565
1 INTRODUCTION
Safetyofnavigationisoneofthekeyissuesaffecting
thetransportprocesses,whichareusedformaritime
transport. Among the many threats that could
undermine the proper course of the voyage,
accidentsrelatedtothemanfallingoverboardbelong
to a small group of events that can ta
ke place
regardless of the hydrometeorological conditions,
specificsoftheoperatedwaterarea,trafficintensity,
orotherexternalcircumstances.
Despite the tendency to constantly improve the
levelofsafetyforoverseavessels,correctresponseof
the ship navigator, resulting in the correct
implementation of the requiredʺman overboardʺ
manoeuvreisnotalwaysobserved.TheissueofPOB
(PersonOverboard)accidentsisthereforest
illvalid,
particularly that for a decade you can see steady
growthoftheworld merchant fleet, whichoverthe
last eight years has increased by 20 357 vessels
[EuropeanMaritimeSafetyAgency200520013].
Figure1.Thenumberoftheworldmerchantfleetinyears
20052013[EuropeanMaritimeSafetyAgency200520013].
2 SIMULATIONSTUDIES
Becauseofthedirectimpactoftheʺmanoverboardʺ
manoeuvreontotherescueofhumanlifeatsea,the
membersoftheScientificSocietyʺWatchersʺactiveat
the Faculty of Navigation of Gdynia Maritime
Comparison of the Efficiency of Williamson and
Anderson Turn Manoeuvre
K.Formela,M.Gil&H.Śniegocki
GdyniaMaritimeUniversity,Gdynia,Poland
ABSTRACT:Thepaperpresentscomparisonofthe‘Personoverboard’manoeuvres.Thearticlewasbasedon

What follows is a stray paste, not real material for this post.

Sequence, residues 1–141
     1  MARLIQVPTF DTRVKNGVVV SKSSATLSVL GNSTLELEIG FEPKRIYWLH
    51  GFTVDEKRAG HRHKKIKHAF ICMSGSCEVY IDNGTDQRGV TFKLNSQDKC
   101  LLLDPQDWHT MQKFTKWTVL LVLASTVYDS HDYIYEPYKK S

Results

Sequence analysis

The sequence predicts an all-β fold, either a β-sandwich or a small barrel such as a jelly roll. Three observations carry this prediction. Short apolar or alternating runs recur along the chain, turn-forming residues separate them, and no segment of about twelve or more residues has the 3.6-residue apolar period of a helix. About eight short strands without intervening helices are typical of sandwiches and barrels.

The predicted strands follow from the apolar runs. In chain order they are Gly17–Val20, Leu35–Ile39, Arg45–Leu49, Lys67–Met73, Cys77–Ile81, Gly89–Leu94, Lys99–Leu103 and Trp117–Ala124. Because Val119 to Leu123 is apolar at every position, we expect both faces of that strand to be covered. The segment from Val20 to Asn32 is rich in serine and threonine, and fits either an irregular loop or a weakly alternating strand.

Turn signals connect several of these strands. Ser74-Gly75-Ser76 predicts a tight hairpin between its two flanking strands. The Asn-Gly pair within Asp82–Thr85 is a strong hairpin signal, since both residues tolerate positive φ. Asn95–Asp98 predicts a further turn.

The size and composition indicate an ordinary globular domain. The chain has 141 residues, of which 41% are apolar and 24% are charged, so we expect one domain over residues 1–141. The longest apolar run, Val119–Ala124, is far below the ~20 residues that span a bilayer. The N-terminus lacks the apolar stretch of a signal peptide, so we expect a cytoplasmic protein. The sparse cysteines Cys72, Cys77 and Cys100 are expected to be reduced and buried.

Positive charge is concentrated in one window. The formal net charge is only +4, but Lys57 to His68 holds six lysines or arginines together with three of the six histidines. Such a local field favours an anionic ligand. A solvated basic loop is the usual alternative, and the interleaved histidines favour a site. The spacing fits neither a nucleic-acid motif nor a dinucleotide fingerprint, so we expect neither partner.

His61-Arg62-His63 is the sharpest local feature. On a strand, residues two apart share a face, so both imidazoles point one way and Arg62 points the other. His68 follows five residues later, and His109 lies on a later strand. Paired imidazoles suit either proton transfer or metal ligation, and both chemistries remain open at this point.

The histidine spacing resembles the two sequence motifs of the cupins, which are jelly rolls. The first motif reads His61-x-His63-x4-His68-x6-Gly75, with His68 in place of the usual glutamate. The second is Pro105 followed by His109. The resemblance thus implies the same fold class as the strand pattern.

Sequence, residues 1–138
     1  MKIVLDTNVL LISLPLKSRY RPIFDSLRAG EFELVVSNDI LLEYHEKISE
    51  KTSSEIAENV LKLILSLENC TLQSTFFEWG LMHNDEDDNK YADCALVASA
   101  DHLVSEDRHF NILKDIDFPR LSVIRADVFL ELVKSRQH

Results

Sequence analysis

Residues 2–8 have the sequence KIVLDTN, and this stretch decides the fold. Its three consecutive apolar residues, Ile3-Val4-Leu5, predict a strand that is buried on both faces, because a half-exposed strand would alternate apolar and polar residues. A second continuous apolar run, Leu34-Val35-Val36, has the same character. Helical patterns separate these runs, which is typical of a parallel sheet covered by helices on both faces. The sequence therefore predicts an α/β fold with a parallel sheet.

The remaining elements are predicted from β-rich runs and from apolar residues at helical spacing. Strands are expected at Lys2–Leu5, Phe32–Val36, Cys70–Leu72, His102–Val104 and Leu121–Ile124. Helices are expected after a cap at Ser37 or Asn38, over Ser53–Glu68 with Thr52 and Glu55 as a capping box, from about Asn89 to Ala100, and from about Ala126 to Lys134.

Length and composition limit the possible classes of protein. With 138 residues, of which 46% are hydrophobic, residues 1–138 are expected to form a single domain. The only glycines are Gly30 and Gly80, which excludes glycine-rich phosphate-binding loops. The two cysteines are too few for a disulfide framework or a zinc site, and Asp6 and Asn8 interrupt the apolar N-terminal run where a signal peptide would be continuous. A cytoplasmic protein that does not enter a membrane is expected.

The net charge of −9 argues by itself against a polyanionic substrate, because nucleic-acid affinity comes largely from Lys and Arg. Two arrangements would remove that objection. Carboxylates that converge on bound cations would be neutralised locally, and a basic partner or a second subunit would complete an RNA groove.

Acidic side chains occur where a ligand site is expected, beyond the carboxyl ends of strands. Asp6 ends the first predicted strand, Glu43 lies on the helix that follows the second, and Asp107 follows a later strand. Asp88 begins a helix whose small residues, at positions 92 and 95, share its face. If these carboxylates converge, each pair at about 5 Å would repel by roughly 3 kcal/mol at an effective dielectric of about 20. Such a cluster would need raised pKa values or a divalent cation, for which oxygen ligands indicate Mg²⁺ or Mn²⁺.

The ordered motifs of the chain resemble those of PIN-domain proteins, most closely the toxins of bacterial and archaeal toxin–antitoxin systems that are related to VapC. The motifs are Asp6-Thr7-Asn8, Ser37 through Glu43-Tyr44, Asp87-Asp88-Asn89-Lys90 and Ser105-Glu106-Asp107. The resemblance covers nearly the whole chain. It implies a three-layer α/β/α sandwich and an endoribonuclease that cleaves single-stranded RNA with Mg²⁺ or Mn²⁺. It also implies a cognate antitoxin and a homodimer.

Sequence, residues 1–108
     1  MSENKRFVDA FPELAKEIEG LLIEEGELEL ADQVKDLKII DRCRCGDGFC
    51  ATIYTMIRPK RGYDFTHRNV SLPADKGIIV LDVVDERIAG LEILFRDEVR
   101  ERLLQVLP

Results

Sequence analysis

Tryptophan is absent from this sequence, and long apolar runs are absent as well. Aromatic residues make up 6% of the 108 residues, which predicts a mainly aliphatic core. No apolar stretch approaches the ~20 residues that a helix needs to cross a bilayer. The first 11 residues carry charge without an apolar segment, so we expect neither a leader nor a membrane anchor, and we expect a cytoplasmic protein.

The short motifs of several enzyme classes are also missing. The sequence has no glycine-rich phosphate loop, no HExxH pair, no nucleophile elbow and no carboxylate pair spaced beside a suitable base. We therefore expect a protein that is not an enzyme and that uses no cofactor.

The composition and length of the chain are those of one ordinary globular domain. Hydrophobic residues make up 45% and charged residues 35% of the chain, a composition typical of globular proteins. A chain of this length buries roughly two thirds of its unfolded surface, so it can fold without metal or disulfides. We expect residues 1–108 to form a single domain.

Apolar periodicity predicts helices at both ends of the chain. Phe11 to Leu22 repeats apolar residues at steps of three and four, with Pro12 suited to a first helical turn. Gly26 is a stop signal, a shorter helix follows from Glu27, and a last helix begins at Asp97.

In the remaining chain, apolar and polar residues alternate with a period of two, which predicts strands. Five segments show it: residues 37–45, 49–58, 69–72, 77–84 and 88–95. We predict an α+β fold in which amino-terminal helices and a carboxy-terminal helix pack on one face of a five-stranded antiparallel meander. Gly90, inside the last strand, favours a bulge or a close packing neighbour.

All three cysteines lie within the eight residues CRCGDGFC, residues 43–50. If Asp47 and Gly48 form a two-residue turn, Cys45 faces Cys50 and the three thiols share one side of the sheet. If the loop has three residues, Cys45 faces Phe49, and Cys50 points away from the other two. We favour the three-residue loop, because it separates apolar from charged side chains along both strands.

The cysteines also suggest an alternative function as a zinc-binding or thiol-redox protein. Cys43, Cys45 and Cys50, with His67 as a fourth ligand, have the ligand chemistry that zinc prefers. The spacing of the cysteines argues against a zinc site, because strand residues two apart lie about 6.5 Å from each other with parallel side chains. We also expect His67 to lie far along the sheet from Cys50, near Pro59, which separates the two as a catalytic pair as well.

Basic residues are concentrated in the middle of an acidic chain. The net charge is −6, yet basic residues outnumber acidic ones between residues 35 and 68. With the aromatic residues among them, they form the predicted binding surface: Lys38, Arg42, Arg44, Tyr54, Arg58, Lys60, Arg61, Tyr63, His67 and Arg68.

researchconductedonagroupofstudentsoftheFacultyofNavigationofGdyniaMaritimeUniversity.People
involved in studies previously conducted on board training on school training ships:ʺDar Młodzieżyʺ and
ʺHoryzont IIʺ, but did not have experience as an officers. Research was carried on the Polaris Ships Bridge
Simulator,locat
edatthefacultyofNavigation,ofGdyniaMaritimeUniversity.
http://www.transnav.eu
the International Journal
on Marine Navigation
and Safety of Sea Transportation
Volume 9
Number 4
December 2015
DOI:10.12716/1001.09.04.14
566
University,decidedtocarryouttherelevantresearch
inordertodeterminetheeffectivenessofindividual
manoeuvres.
Themeasurementpartconsisted,successively,of
theʺWilliamson Turnʺ and theʺAnderson Turnʺ
performed by two groups of 17 students of the
Navigation‐MaritimeTransportFaculty.Persons
involved in the studies previously underwent the
seagoing service onboard of training vessels‐
s/v
ʺDarMłodzieżyʺorʺHoryzontIIʺ.
Selectedfortestingwasnavigationand
manoeuvring simulator, POLARIS type,
manufactured by the Norwegian company named
Kongsberg. All devices operate on the basis of
complex mathematicalmodels that provide realistic
reactions of an individual and his environment. In
addition, they have DNV (Det Norske Verit
as)
certificate confirming the possibility of their use
during specialized courses for crews of merchant
ships).
Figure2. Simulators used for researches [Gil,Śniegocki
2015].
2.1 Objectivesandcourseofthestudies
According to the assumptions, each of the tested
individuals performed the exercise three times
manoeuvringtothestarboard.Allparticipantswere
operatinginthesamewaterareaandwiththesame
hydrometeorologicalconditions,whichareshownin
Table1.
Table1. Hydroatmospheric conditions simulated in the
researchedwaterarea[Gil,Śniegocki,2015].
_______________________________________________